Deductions are considered to be for the “benefit of the employee” when they are for one of the items enumerated in §193(1)(b).  Generally, deductions benefit an employee when they provide financial or other support to the employee, the employee’s family, or to a charity and are limited to the following categories: (1) health and welfare benefits; (2) pension and retirement benefits; (3) child care and educational benefits; (4) charitable benefits; (5) dues and assessments; (6) transportation; and (7) food and lodging.  The regulations provide that convenience of the employee is not a benefit and that deductions resulting in a financial gain to the employer “call into question” whether the deduction benefits the employee.

In addition to specific authorized deductions, §193(1)(b)(xiv) is a catch-all exception for “similar payments for the benefit of the employee.”  The regulations explain that for a benefit to fall within the catch-all exception, it must fall within one of the following categories: (1) health and welfare benefits; (2) pension and savings benefits; (3) charitable benefits; (4) representational benefits; (5) transportation benefits; or (6) food and lodging benefits.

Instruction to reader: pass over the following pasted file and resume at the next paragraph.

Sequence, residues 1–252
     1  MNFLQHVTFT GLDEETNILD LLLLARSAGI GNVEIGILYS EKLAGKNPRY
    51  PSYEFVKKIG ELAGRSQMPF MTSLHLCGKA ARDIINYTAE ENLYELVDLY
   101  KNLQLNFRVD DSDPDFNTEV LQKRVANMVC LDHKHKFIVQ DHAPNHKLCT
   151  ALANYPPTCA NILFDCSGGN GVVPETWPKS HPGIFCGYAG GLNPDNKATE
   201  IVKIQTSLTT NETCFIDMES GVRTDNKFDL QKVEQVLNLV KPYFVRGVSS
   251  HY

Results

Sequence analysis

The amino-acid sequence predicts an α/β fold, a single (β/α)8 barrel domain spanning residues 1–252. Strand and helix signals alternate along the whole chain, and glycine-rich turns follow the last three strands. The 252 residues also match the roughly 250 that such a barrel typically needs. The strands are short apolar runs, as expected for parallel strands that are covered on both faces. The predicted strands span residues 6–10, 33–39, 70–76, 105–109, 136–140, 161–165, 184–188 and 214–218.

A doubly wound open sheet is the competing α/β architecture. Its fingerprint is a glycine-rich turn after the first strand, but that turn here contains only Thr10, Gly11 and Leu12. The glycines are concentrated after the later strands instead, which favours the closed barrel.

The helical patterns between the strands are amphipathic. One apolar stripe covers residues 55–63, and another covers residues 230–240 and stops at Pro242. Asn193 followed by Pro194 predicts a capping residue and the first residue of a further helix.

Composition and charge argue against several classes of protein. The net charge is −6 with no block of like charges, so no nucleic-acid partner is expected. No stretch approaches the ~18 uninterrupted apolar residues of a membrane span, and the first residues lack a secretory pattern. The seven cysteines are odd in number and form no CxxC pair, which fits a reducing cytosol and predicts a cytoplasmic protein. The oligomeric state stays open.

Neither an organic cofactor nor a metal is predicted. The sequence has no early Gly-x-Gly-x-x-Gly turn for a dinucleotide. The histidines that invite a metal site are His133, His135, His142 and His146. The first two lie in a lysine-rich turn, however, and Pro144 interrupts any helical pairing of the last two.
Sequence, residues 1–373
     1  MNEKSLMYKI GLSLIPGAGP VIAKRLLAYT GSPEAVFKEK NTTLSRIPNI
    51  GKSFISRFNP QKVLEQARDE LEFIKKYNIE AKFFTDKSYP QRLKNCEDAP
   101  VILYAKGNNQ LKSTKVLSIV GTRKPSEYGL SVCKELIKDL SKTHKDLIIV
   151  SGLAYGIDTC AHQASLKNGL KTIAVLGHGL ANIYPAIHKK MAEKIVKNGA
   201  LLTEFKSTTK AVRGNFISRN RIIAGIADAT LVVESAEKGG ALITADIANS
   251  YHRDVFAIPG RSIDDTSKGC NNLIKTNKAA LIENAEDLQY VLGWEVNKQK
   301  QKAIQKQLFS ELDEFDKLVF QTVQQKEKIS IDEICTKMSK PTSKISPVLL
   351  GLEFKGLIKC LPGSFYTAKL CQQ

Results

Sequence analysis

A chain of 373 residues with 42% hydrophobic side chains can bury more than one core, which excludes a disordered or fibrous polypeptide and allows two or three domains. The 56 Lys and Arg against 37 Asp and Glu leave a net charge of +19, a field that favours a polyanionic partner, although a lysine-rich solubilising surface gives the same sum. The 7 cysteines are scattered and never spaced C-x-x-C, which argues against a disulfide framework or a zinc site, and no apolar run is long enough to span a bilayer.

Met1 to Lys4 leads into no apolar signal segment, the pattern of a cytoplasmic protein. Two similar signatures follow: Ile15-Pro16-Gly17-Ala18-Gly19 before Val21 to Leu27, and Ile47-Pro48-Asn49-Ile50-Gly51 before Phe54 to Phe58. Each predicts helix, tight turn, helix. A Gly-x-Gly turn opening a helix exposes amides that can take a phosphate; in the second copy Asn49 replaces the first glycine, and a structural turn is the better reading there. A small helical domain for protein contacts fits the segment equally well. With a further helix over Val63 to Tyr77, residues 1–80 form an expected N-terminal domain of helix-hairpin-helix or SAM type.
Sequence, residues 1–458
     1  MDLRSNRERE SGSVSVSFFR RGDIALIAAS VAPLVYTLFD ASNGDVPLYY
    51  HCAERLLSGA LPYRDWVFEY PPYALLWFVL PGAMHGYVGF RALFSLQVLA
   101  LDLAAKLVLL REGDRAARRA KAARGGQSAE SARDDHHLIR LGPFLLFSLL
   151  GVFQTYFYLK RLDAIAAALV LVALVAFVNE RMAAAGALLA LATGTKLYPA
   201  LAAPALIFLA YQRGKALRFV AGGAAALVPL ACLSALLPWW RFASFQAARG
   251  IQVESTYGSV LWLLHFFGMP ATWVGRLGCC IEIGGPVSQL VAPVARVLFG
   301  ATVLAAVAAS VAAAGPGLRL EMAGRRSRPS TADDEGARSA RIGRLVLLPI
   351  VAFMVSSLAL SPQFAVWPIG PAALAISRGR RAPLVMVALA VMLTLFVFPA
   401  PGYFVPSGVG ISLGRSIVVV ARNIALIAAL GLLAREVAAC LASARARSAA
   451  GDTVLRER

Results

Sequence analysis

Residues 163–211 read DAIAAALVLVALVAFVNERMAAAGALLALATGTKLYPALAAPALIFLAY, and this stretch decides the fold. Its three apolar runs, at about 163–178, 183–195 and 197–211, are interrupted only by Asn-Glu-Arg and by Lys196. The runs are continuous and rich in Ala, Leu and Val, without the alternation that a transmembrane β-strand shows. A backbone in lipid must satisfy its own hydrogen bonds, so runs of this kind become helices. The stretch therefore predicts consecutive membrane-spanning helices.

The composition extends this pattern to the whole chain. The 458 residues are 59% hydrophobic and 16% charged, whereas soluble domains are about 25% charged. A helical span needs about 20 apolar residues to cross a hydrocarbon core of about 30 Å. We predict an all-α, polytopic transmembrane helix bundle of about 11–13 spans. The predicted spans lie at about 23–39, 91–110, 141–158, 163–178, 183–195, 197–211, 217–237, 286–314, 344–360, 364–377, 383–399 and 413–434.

Not only do the regulations explain what deductions are authorized, but they also expressly set forth several prohibited deductions.  These prohibited deductions include, but are not limited to: (1) repayments of loans, advances, or overpayments that are not performed in accordance with the regulations for such deductions (which are discussed below); (2) employee purchases of tools, equipment, or clothing required for work; (3) recoupment of unauthorized expenses; and (4) repayment of employer losses such as cash shortages, fines due to employee conduct, or damage to employer property.

Deductions for Overpayments

The regulations also set forth the method by which an employer can make a deduction from an employee’s wages to recoup overpayments caused by a mathematical or other clerical error.  To be valid the employer must give either three days (if the overpayment can be recouped in full) or three weeks (if full recoupment cannot be made in a single pay period) advanced notice of the intent to make the deduction, and implement a dispute resolution process in case the overpayment is contested by the employee.